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Candy donations show gratitude for veterans

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Students donate leftover Halloween candy to show appreciation for veterans.

Students donate leftover Halloween candy to show appreciation for veterans.

Brooke Chang

Brooke Chang

Students donate leftover Halloween candy to show appreciation for veterans.

Brooke Chang, Staff Writer

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Halloween is over and Veterans Day is here, but students are still haunted by piles of leftover candy.

As students recover from the chaos of Halloween, many find bags of candy piling up in their rooms. One way to get rid of this extra candy and show gratitude for the troops on Veterans Day is to donate the candy to organizations that ship care packages to our service members.

One organization that ships these care packages is Operation Gratitude . Operation Gratitude allows candy to be donated from a company, group, or individual. The donations can even be sent in honor of a friend or family member.

“We want our veterans to smile and to feel valued and appreciated. We also want them to know that grateful Americans are here supporting them,” said Nancy Levy, a representative from Operation Gratitude.

The 2015 Candy for the Troops candy collection drive ends on Nov. 15. However, care packages are accepted throughout the year. Other items that can be included in the candy care packages are individually packaged toothbrushes and dental floss.

Senior Glenn Smyth said, “It’s important to send candy and any other items because the veterans need other things as well. Regardless of what you send, care packages are good for morale and they show support for our service members.”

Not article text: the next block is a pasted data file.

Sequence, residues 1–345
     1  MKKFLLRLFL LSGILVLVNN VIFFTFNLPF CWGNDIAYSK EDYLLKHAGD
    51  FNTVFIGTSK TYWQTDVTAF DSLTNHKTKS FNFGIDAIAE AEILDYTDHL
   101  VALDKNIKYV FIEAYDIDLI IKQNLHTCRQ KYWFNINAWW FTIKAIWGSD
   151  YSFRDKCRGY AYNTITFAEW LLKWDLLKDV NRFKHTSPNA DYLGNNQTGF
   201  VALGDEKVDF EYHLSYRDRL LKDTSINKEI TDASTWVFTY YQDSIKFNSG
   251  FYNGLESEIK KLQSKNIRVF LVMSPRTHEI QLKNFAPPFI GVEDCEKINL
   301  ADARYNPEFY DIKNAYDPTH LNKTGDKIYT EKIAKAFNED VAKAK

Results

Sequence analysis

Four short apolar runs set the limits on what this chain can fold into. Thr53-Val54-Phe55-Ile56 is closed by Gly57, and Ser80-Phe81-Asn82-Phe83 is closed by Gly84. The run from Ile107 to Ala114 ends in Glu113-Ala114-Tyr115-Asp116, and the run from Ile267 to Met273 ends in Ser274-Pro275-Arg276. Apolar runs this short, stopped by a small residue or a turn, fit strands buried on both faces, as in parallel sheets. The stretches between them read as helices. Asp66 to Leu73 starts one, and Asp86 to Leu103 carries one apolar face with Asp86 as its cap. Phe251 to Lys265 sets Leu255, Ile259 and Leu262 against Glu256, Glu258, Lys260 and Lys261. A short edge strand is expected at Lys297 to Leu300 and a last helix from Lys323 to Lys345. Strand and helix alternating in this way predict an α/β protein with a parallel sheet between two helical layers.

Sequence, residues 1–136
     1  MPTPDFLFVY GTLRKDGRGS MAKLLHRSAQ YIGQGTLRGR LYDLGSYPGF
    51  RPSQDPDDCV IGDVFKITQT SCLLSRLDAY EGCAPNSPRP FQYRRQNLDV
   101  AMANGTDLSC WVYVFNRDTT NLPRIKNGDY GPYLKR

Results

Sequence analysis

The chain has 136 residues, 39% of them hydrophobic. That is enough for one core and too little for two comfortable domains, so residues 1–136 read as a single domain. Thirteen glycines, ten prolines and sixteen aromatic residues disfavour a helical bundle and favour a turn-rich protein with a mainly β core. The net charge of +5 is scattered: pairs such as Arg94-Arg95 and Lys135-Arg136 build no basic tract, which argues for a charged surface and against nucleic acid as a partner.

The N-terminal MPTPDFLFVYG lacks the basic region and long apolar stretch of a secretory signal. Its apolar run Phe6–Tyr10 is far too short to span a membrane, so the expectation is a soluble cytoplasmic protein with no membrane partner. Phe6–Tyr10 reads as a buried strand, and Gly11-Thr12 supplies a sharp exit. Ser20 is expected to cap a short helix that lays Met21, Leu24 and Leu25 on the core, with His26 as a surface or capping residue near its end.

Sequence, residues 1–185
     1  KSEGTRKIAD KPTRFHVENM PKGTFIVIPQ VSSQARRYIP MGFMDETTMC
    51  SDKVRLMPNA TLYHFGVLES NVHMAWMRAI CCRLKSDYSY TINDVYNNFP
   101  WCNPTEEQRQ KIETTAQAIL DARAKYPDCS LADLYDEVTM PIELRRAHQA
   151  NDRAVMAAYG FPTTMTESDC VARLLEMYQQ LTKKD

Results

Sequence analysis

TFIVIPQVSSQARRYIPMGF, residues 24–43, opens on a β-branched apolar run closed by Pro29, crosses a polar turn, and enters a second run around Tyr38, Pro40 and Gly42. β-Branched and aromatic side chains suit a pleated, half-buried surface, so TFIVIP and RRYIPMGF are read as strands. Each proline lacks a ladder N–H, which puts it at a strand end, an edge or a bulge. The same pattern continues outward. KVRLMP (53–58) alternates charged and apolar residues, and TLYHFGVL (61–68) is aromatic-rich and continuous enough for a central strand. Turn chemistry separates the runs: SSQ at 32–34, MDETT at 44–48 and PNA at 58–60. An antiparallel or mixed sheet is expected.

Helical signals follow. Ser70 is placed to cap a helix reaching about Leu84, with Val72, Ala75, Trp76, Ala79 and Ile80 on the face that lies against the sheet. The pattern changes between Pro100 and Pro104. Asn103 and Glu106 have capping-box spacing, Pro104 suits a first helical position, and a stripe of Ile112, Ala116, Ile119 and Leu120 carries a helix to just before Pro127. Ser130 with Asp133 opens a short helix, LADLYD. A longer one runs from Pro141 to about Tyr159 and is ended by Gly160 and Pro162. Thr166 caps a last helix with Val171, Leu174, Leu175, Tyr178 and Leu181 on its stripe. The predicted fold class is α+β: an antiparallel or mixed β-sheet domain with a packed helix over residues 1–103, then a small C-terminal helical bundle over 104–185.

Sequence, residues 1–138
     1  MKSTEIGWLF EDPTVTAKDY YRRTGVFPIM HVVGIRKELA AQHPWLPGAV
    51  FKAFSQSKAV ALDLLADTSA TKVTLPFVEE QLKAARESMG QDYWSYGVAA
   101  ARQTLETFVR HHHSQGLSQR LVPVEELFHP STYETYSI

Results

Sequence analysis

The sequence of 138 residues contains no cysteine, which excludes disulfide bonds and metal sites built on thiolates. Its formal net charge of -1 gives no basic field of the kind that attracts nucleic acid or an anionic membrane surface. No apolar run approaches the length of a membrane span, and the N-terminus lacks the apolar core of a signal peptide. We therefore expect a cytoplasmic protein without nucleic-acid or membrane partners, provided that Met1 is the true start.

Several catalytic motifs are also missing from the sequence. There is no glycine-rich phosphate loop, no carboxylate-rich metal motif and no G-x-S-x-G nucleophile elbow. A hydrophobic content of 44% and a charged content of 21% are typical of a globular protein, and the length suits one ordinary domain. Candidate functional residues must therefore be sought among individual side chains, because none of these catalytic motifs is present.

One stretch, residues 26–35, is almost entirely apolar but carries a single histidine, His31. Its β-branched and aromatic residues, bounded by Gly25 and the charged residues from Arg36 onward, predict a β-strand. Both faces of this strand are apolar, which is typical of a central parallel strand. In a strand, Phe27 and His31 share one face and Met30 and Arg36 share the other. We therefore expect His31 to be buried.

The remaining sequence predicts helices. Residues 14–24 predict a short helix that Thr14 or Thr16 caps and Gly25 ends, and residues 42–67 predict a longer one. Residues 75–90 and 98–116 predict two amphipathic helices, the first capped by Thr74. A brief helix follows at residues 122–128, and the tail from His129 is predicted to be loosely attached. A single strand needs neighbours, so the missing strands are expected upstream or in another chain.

Operation Gratitude sends the care packages to deployed troops, veterans, wounded warriors, first responders, new recruits and even children whose parents have been deployed.

Last year, over 400,000 pounds of candy were collected for the troops and 150,000 care packages were sent. This year, Operation Gratitude hopes to collect and send even more packages.

Overall, donating to Operation Gratitude, or any similar organizations, is a way to show appreciation for veterans while helping to clear out leftover Halloween candy.

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About the Writer
Brooke Chang, Scot Scoop Editor-in-Chief
Brooke Chang is the Scot Scoop Editor-in-Chief and a staff writer for The Highlander. She also plays club soccer and enjoys volunteering in her free time. See Brooke’s portfolio here. (Visited 1 times today)
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The student news site of Carlmont High School in Belmont, California.
Candy donations show gratitude for veterans